This year’s Union Budget was expected to come across as a reformist one for the real estate sector, but it left the industry disappointed as it lacked any hard hitting and direct benefits for it. Finance Minister Arun Jaitley simply missed some very important points that the developers and homebuyers were eagerly waiting for him to address in Budget 2015. Top 5 points that the industry considers the ‘biggest misses’ in the budget are –
Smart Cities – The industry awaited a clear roadmap for the development of 100 Smart Cities. However, the Budget did not find any mention of the same, other than the assurance of GIFT City as a model smart city by March 2016. Industry feels that the Government should have provided some clarity on policies and allocated some budget for the development of Smart Cities, a concept introduced by them in their first Budget in 2014.
Manju Yagnik, Vice Chairperson, Nahar Group says, ‘The Budget is quite disappointing as far as the real estate sector is concerned. There was a lot of expectations as the Prime Minister had proposed Housing for all by 2022 and development of smart cities. The development of smart cities and overall, the sector has been widely ignored.”
Affordable Housing – While Housing for All by 2022 has been given some importance in the Union Budget 2015, there have been no measures taken to make housing affordable. “We were expecting incentives for developing affordable housing in terms of tax rebates on raw materials, additional exemption on the Income Tax on housing loan, and streaming of other taxes including Service Tax. On the contrary the service tax has been increased from current 12.5 per cent to 14 per cent,” adds Yagnik.
The hike in Service Tax would have a direct bearing on the paying capacity of an individual. Though, the Government has taken some direct and indirect measures to give an impetus to individual savings, those are not sufficient to make real estate affordable for common people. Rohit Gera, MD, Gera Developments and VP, CREDAI, Pune Metro says, “The budget has completely ignored the residential real estate market and there is a total lack of any push for the housing sector.”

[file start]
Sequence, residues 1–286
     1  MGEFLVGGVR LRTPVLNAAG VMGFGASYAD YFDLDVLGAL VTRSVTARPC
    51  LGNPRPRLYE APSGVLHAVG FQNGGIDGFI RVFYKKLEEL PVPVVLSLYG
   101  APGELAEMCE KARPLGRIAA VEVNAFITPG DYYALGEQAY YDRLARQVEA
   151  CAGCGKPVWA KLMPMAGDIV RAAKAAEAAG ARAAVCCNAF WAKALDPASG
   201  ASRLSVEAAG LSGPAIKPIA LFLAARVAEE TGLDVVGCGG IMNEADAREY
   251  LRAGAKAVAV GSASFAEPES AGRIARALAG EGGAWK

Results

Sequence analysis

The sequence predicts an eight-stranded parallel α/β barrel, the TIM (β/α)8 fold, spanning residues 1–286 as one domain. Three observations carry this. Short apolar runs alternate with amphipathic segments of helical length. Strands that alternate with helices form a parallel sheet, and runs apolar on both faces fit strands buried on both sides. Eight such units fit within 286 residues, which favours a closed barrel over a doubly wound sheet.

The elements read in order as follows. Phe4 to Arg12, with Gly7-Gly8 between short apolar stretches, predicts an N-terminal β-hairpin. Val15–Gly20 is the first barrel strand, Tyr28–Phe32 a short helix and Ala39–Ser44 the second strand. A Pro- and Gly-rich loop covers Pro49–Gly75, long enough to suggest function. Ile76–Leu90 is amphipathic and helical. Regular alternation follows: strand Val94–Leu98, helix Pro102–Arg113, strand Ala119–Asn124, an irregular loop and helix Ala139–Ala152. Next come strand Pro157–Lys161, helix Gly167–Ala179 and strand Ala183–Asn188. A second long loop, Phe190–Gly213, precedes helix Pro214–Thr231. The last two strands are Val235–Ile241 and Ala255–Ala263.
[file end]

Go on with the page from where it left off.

Reintroduction of Section 80-IB – This was touted to play a critical role in realising the dream of ‘Housing for All” by 2022. However, this too has been given a miss this time. Vivek Gupta, Director, Vardhman Estate & Developers says, “Tax incentive under Section 80 IB would help develop housing projects with stringent provisions. This would have resulted in more supply and lower prices, ultimately leading to affordable housing.”
Removal of DDT and MAT in Special Economic Zones (SEZs) – Divided Distribution Tax (DDT) and Minimum Alternate Tax (MAT) have been a long pending concern for commercial real estate developers as they have dented the investor’s interest in SEZs for a long time. Developers have been hoping for the removal of these taxes, which the FM did not address, even this year.
Infrastructure Status – The real estate industry has been longing for infrastructure status for years now. The move could have helped induce transparency and made real estate an organized sector. However, this year’s budget also gave it a miss. Disappointed, David Walker, MD, SARE Homes says, “Budget once more falls short of meeting the expectations of the real estate sector, mainly the residential housing segment. The sector will have to continue to wait for its foremost demand for a separate infrastructure status and other measures which would have rejuvenated the weakened demand which had adversely hit the sector.”
Overall, the real estate industry found the Budget 2015 to be high on hopes, but low on execution and has been left with an “IF ONLY” expression. “If Only” FM had …….